Marcin and Cockrum (1984), study psychological characteristics of entrepreneurs across different countries. Hochner and Ganrose (1985) analyze the characteristics of entrepreneurs, compared to their non-entrepreneurial fellow co-workers; and a similar psychological study is performed on female entrepreneurs by Rowen and Hisrich (1986). Cooper and Dunkelberg (1986) compare the path to entrepreneurship (inheritance, purchase, start-up) with background attitudes characteristic of a large sample of entrepreneurs. The popular press has also written extensively about the ‘special psychological characteristics of the entrepreneur,’ generally understood as someone who starts— somewhat successfully—his or her own business.

Other studies have subsequentley found other psychological key characteristics of (successful) entrepreneurs, eg. internal locus of control, low aversion to risk taking, aggressiveness, ambition, overoptimism, desire for autonomy, marginality, personal values, and need for power (Brockhaus, 1982; Gartner, 1989; Aldrich and Zimmer, 1986; Carson et al. 1995; Delmar 1996). { Entrepreneurship as organizing, A literature study of entrepreneurship}

  • Gartner criticized trait approach as the characteristics of entrepreneurs differ, no standard set of traits which are there in every entrepreneur. Both successful and non successful entrepreneurs have traits which are not there in the list provided by the theorists.

There is no standard set of traits which are there in entrepreneur only differentiating them from non-entrepreneurs.

  • Delmar (1996) argues that previous studies “either focused on the stable characteristics of the entrepreneur or the impact of the environment on the venture performance”. His contribution is an integrated economic-psychological model of entrepreneurial behavior. He develops a model which tries to understand the impact of entrepreneurial behavior and the environmental context on entrepreneurial performance (business growth and financial). The entrepreneurial behavior is determined by both individual differences (stable determinant like intellectual ability and motivation) and task characteristics. But still the problem of basic trait approach still persist.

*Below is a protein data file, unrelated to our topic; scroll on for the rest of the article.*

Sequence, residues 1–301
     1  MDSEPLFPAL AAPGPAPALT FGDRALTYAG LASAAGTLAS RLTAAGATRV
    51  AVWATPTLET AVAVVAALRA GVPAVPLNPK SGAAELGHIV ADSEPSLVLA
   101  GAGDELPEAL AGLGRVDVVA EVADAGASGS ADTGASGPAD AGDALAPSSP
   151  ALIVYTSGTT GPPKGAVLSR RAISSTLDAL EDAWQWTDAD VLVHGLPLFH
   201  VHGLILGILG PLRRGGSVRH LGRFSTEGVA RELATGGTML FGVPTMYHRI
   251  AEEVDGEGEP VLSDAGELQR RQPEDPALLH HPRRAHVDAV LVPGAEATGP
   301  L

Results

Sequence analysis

Get Help With Your Essay

If you need assistance with writing your essay, our professional essay writing service is here to help!

Find out more

Cite This Work

To export a reference to this article please select a referencing style below:

Reference Copied to Clipboard.
Reference Copied to Clipboard.
Reference Copied to Clipboard.
Reference Copied to Clipboard.
Reference Copied to Clipboard.
Reference Copied to Clipboard.
Reference Copied to Clipboard.

Related Services

View all

DMCA / Removal Request

If you are the original writer of this essay and no longer wish to have the essay published on the UK Essays website then please:

Related Lectures

Study for free with our range of university lectures!